Biomass commercialisation - economic & environmental implications

Biomass commercialisation - economic & environmental implications


POINT OF VIEW

[Biomass] is a trending subject because there is an unprecedented interest in reducing greenhouse gas emissions due to global warming and climate change.

Onur Boyabatli

Associate Professor of Operations Management


In brief

  • Global warming and climate change have created an unprecedented global interest in reducing greenhouse gas emissions, especially in energy production. Biomass or organic matter, which is a renewable energy source that can replace fossil fuels in energy production is gaining popularity.
  • While higher biomass demand or biomass price always increases the value of biomass commercialisation, these changes are not necessarily environmentally beneficial as they may increase the emissions associated with biomass commercialisation.
  • Imposing an export tax is the right move in the growth stage of the biomass industry when the biomass demand is relatively low because a higher price is both economically and environmentally superior.

Associate Professor Onur Boyabatli from SMU’s Lee Kong Chian School of Business offers his insights into a joint pioneering study on the economic and environmental implications of biomass commercialisation in the agricultural processing industries.

Global warming and climate change have created an unprecedented global interest in reducing greenhouse gas emissions, especially in energy production.  Biomass, or organic matter, which is a renewable energy source that can replace fossil fuels in energy production is gaining popularity.  Consequently, commercialising agricultural residues as biomass is gaining momentum in many countries.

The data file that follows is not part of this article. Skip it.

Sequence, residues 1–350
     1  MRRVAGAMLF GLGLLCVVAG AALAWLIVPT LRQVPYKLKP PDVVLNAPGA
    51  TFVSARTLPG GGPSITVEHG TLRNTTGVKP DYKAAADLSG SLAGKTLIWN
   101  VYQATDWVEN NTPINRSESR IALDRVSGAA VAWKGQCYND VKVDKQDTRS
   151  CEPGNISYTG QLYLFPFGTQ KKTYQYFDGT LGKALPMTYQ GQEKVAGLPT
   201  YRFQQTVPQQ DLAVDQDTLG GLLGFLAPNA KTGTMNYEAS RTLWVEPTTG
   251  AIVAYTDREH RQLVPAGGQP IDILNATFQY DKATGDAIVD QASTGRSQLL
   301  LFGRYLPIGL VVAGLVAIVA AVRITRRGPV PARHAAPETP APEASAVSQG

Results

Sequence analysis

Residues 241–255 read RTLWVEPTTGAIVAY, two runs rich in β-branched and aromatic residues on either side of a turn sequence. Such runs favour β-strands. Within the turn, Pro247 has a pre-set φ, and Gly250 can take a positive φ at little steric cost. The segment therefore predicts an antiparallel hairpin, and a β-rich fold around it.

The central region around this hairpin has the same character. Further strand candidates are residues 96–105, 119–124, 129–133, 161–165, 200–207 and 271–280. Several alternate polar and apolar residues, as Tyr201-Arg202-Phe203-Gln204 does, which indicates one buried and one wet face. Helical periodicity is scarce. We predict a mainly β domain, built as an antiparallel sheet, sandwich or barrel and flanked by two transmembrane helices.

In a pioneering study, Onur Boyabatli, Associate Professor of Operations Management and DBS Sustainability Fellow at SMU’s Lee Kong Chian School of Business, together with Assistant Professor of Operations Management Buket Avci, and PhD student Li Bin, studied the economic and environmental implications of biomass commercialisation in agricultural processing industries.

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In this podcast, he shares his insights into this trending subject and the policy implications of their research findings.

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Inside the mind of

Onur Boyabatli serves as an Associate Professor of Operations Management at Singapore Management University. His research focuses on Manufacturing Flexibility and Capacity Management including  Integration with Financial Decisions/Risks and New Business Models, Operational Decision Making in Agriculture with an Emphasis on Sustainability, Sustainable Operations, Integrated Risk Management in Global Supply Chains and Supply Chain Finance.